A quick trip to Colorado last month put us in the Denver International Airport on our way to Boulder, CO. We don’t know of two greater contrasts in transportation designs in one region. The experience was a study in the extremes we see in our modern world.
The Denver International Airport has been on the design radar since its inception in 1994. It rises out of nowhere in the high plains, like modernist Bedouin tents. Inside it feels like a study in efficient mobility with everyone everywhere in motion. The architecture firm, Fentress Architects, designed the airport and it lives up to their slogan “Inspired Design for People.” A speedy tram zips you to terminals. There are elevators, horizontal conveyor walkways, and escalators in every space. They whisk you around like magic inside the space. But once you get your bags and look for public transportation, it smacks you. You are stuck. You are 15 miles from anywhere. Denver is one of the few major airports in the entire world that is not connected to its city by some form of rail. Taxis and rental cars are your only way out. OK, there are buses (sort of) but who wants to pack into a bus, especially after a plane flight? It is as if the car rental agencies and taxis conspired to form a monopoly. Maybe they did. How uncivilized.
Nearby, Boulder is the opposite extreme i.e. very civilized. The city is designed to encourage people to walk, ride bikes, take public transportation, and reduce their dependence on cars. There are bike trails and well-signed paths everywhere and bike racks of all shapes and sizes all around town. For bike geeks there are several amazing bike stores like University Bikes (an amazing collection of vintage and modern bikes) and Vecchio where you can test ride a PUBLIC. For novice riders they even have a website, Go Bike Boulder that tells you how to get from A to B on a bike. With 300+ miles of bike paths within the 24.5 square miles of the city, this is very helpful. Boulder is not Amsterdam, but bikes do set the pace around downtown and you’ll see the full range of bikers from costumed nighttime bike parades to Lycra clad bike tri-athletes. And maybe the highest sign of civic enlightenment was that the bikers seem to obey the laws and leave the downtown pedestrian mall for pedestrians. Perhaps kudos goes to the City of Boulder for offering support and easy access to Bicyclists Rights and Responsibility on their comprehensive website. This is all very optimistic and idealistic – other cities could learn a lot from this example. The bike industry advocacy and educational organization Bikes Belong is headquartered there and it certainly belongs there.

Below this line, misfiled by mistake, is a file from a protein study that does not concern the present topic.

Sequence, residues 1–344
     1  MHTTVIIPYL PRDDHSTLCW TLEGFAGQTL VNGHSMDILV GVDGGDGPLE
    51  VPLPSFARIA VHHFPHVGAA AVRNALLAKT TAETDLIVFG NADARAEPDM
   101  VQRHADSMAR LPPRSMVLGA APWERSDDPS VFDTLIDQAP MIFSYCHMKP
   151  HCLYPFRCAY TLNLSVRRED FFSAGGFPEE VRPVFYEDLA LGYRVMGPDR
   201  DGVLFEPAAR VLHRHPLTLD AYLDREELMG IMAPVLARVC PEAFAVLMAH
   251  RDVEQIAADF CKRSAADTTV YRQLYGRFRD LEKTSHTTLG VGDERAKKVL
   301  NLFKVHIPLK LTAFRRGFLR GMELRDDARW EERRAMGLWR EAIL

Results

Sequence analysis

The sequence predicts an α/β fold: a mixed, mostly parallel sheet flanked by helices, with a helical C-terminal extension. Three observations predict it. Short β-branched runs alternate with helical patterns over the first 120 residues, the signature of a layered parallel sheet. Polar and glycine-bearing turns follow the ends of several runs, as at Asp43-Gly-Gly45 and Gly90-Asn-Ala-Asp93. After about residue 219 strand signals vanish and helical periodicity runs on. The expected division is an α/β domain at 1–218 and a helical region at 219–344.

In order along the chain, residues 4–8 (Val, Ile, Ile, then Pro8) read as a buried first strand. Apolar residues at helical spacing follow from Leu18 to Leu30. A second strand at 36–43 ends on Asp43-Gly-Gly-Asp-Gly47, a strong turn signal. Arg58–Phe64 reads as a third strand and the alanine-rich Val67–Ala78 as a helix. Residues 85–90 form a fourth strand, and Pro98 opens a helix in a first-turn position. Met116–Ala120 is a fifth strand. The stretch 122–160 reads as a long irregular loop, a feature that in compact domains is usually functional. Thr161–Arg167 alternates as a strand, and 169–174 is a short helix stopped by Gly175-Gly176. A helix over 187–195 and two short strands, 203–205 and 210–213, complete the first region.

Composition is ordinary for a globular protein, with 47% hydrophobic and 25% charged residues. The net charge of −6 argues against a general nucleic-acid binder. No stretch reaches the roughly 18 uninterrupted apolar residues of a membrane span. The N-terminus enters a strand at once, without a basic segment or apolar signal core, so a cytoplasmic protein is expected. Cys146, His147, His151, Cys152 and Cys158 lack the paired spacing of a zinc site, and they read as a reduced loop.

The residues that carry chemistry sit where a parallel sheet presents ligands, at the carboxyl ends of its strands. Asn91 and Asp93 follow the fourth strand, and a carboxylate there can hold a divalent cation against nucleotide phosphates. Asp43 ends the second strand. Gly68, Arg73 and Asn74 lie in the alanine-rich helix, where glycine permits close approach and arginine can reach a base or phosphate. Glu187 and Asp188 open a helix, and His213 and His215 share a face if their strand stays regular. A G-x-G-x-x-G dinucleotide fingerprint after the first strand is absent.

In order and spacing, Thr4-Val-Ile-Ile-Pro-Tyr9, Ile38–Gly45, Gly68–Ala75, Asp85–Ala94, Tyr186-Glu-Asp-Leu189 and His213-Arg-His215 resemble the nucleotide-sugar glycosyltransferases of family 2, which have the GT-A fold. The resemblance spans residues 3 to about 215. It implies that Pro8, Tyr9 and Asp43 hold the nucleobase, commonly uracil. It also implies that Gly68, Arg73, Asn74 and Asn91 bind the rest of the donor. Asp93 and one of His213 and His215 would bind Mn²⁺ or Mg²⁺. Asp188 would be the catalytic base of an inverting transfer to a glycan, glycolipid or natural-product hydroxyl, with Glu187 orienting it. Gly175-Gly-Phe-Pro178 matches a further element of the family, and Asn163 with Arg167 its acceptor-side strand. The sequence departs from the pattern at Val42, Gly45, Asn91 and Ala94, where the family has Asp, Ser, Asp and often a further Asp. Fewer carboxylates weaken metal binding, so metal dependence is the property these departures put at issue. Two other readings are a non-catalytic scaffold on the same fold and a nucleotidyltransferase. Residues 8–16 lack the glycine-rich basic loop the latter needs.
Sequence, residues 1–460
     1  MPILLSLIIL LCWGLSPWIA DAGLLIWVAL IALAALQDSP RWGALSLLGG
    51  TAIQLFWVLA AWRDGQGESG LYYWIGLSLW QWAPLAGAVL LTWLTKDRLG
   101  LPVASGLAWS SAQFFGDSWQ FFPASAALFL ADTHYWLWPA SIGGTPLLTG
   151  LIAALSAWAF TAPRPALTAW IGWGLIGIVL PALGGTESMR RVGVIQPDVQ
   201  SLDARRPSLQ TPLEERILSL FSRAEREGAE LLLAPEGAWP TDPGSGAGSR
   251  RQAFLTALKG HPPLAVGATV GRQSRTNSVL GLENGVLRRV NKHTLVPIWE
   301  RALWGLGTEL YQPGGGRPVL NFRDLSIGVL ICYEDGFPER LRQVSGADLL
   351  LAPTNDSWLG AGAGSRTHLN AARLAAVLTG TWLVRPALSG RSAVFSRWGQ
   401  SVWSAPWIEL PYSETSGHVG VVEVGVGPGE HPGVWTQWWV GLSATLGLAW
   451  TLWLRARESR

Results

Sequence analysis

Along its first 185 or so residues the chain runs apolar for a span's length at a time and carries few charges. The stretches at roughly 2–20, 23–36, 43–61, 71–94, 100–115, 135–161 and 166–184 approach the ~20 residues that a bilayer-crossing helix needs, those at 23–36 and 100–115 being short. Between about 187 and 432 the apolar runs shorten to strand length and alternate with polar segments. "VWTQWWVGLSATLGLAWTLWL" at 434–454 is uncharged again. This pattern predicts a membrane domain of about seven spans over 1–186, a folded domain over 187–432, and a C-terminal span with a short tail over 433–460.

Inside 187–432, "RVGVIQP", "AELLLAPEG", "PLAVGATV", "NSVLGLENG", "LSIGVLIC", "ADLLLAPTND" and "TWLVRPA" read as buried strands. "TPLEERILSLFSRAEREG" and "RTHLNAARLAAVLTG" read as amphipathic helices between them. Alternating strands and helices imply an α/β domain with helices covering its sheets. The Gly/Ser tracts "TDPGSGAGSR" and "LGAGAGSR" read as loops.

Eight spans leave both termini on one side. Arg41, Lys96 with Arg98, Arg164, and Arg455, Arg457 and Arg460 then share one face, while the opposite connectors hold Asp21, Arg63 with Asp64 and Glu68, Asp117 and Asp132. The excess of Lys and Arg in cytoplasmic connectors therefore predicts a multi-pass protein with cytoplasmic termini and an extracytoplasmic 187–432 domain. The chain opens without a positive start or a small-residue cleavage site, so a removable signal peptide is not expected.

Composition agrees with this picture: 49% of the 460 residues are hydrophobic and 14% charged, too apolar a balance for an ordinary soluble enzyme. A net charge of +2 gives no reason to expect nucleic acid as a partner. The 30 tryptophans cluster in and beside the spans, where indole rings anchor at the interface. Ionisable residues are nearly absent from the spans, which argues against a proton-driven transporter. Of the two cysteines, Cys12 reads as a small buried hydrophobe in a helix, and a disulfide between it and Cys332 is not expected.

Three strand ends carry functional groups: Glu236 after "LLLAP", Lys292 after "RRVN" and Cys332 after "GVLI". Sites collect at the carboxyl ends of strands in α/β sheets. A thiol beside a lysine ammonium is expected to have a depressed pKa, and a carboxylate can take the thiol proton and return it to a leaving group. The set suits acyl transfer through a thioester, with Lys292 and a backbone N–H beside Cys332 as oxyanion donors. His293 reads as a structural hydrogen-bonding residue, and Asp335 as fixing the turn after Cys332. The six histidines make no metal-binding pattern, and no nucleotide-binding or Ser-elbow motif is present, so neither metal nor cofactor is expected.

What the Denver International Airport and Boulder have in common is that they are somewhat insular communities that attempt to provide the best mobility experience for people within their walls. However, they do not deal with the regional issues i.e. what to do when you are outside of their community. For this planning we do need government involvement, legislation, and public advocates.
It is our hope for enlightened transportation planning, whether that means high-speed rail or bike lanes.
And with another election season upon us, we encourage everyone to vote for candidates who prioritize sound transportation, bicycle and pedestrian-oriented land-use planning. And if you live in California, a strong NO vote against Proposition 23 is important. It’s worth a bike ride or stroll to your polling booth to vote NO against the disastrous, backward Proposition 23 that’s largely funded by big oil companies. This issue is not complicated.
We have been besieged by requests from customers since the day we launched for an affordable all-purpose city bike. Our design team put this request on our fast track and we will have two new bike models here by mid-November. We are having a contest to win one of these bikes. So here is a chance to be one of the first to ride one, and for free. The bikes will be priced at $495. We will have full specifications up next week, but you can get a sneak preview and enter the contest today.
We will be adding a wide range of new products this fall, including new Tretorn shoes like these Skerry Reslig rain boots. Made from all natural and PVC-free rubber, these 100% waterproof boots were originally designed for heavy-weather sailing. Which also makes them a welcome solution for biking on rain-soaked city streets and sidewalks. They could even make puddles fun again.